Trouble is, any new party that espouses even moderately left wing social and fiscal policies would be hounded to the point of extinction by this country's overwhelmingly right wing media. In a blind test, the public found Labour's policies at the last election favourable - it was just Corbyn they didn't like. Why? Because apparently he was a terrorist sympathiser, Trot etc. And who told them that?

 

I don't think that will change anytime soon.

 

However, I'll vote for Starmer's Labour as it still represents a realistic, credible alternative to this shit show of a government.

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16 minutes ago, Rushies tash said:

Trouble is, any new party that espouses even moderately left wing social and fiscal policies would be hounded to the point of extinction by this country's overwhelmingly right wing media. In a blind test, the public found Labour's policies at the last election favourable - it was just Corbyn they didn't like. Why? Because apparently he was a terrorist sympathiser, Trot etc. And who told them that?

 

I don't think that will change anytime soon.

 

However, I'll vote for Starmer's Labour as it still represents a realistic, credible alternative to this shit show of a government.

Fundamentally we live in a Conservative country, its in the blood of the country. It holds mostly centre-right views on immigration, taxes, patriotism and such likes. 

 

Your stance on Starmer, is very much the stance I think Momentum took with the rest of the working class, but it took support for Corbyn for granted. Everyone said Corbyn did very badly on the door step for a variety of different reasons. Corbyn's message resonated with a demographic of society which was not representative of the challenges, issues and concerns of the traditional working class voter, so much so that we ended up in the situation we did the other year with a massive Tory majority.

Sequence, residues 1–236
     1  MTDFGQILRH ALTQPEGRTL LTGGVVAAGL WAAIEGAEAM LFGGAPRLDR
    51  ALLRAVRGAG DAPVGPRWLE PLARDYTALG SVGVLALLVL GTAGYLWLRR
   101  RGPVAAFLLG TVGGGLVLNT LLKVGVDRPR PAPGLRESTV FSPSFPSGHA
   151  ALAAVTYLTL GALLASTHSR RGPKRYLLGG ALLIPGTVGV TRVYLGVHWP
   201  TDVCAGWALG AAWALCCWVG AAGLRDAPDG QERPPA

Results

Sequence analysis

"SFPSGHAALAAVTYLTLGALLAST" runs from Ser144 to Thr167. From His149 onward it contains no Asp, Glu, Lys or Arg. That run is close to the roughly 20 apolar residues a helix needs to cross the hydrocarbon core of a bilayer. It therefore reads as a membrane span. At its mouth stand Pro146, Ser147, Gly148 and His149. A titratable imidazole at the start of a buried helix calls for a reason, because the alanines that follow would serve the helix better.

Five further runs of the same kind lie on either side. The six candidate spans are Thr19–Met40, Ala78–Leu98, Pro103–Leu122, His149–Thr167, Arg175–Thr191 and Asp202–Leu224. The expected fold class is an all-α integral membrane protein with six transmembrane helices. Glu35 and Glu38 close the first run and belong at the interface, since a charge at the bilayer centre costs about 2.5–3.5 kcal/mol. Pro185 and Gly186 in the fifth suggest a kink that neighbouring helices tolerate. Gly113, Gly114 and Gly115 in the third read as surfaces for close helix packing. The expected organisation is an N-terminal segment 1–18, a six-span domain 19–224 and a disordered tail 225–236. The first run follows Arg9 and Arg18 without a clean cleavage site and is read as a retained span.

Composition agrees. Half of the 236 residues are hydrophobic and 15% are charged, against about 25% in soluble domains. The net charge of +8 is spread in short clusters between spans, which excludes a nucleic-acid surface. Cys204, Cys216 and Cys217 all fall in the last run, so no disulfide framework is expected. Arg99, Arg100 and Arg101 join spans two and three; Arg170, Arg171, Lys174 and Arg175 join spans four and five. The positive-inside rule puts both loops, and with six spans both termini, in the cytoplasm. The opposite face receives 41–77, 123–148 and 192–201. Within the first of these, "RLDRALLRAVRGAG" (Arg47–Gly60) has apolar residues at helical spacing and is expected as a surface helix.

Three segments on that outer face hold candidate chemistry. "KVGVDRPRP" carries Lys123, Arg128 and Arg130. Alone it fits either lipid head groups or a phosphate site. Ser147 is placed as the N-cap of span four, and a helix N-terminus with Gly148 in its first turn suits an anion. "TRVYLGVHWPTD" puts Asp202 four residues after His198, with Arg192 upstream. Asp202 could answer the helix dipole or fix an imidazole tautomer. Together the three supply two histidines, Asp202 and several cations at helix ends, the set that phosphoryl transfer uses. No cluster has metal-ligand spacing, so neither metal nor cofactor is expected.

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26 minutes ago, Rushies tash said:

Trouble is, any new party that espouses even moderately left wing social and fiscal policies would be hounded to the point of extinction by this country's overwhelmingly right wing media. In a blind test, the public found Labour's policies at the last election favourable - it was just Corbyn they didn't like. Why? Because apparently he was a terrorist sympathiser, Trot etc. And who told them that?

 

I don't think that will change anytime soon.

 

However, I'll vote for Starmer's Labour as it still represents a realistic, credible alternative to this shit show of a government.

Obviously, the media in this country is mainly shit and right wing and that's always going to be an issue with any progressive politician, especially a leader of the Labour Party.

In many ways how the politician comes to terms with this fact and how him/her deals with it will define their success.

I voted for Jeremy twice and he had many good points. Being  a leader wasn't one of them nor was coming to terms with the media.

Dealing with the Media successfully is a key part of the job... if you can't do it well you're in the wrong job.

Keir, for me, isn't being as pro active as I would like and is saying idiotic things re Brexit and Europe.

It's still early days and I'm hoping he will grow into the role... think he's dealing with Press alright and hope he will become less timid

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People need to remember we are in the midst of a national crisis, so there is a limit to how much partisan stuff anyone can get away with before it's seen as indecent. Obviously when this is all over, I'd expect the gloves to come off.

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56 minutes ago, Antynwa said:

Fundamentally we live in a Conservative country, its in the blood of the country. It holds mostly centre-right views on immigration, taxes, patriotism and such likes. 

 

Your stance on Starmer, is very much the stance I think Momentum took with the rest of the working class, but it took support for Corbyn for granted. Everyone said Corbyn did very badly on the door step for a variety of different reasons. Corbyn's message resonated with a demographic of society which was not representative of the challenges, issues and concerns of the traditional working class voter, so much so that we ended up in the situation we did the other year with a massive Tory majority.